The Origin of Species is a work of scientific literature by Charles Darwin, which is referredto be the beginning of evolutionary biology. Darwin introduced in his novel the scientific theory that populations evolve over many generations through a process of natural selection.
  • Mendel publishes his paper on pea genetics

    Mendel publishes his paper on pea genetics
    Mendel's pea plant experiments were conducted between 1856 and 1863, which established many rules of heredity. Gregor Mendal, also known as "the father of modern genetics" conducted experiments to study seven traits and how they interact in generations with pea plants. His experiments led to two laws, the Law of Segregation and the Law of Independent Assortment
  • T.H. Morgan establishes Drosophila lab at Columbia University, clarifies role of chromosomes in inheritance

    T.H. Morgan establishes Drosophila lab at Columbia University, clarifies role of chromosomes in inheritance
    Thomas Morgan began to extensively breed the common fruit fly, Drosophila melanogaster in 1907. He wanted to discover large-scale mutations that would bring the emergence of new species. However, Morgan reinforced Medelian laws of inheritance and the hypothesis that genes are located on chromosomes.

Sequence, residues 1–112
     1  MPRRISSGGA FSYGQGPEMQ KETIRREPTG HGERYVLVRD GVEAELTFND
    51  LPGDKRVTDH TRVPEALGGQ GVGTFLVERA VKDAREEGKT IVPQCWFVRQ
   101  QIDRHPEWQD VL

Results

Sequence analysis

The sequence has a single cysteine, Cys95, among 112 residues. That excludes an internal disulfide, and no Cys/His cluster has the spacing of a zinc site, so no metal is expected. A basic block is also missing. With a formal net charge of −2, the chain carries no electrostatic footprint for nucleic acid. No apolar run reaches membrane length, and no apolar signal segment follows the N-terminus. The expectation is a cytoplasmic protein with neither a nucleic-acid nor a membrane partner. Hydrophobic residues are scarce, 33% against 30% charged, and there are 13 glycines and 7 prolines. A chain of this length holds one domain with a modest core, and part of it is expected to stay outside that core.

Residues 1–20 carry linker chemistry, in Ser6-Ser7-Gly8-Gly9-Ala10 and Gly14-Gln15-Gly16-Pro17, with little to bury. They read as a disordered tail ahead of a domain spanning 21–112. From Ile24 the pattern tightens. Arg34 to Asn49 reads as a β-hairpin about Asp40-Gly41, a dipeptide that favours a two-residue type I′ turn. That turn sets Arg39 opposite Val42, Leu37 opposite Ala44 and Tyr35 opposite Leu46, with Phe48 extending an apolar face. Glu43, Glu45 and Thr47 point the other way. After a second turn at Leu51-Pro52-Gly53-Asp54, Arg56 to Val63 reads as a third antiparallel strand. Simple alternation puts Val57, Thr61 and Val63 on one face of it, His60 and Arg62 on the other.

• Genetics and the Origin of species by Th. Dobzhansky

    Genetics and the Origin of species by Th. Dobzhansky
    Genetics and the Origin of Species is regarded as one of the most important works of the modern evolutionary synthesis. Dobzhansky applies the theortical work of Sewall Wright ro the study of natural populations, which addresses the evolutionary problems in his novel. In addition, Dobzhansky adds theories of mutation, natural selection, and speciation in his novel to explain habits of populatuions and the effect on their genetic behavior.
  • Variation and Evolution in Plants by G. L. Stebbins

    Variation and Evolution in Plants by G. L. Stebbins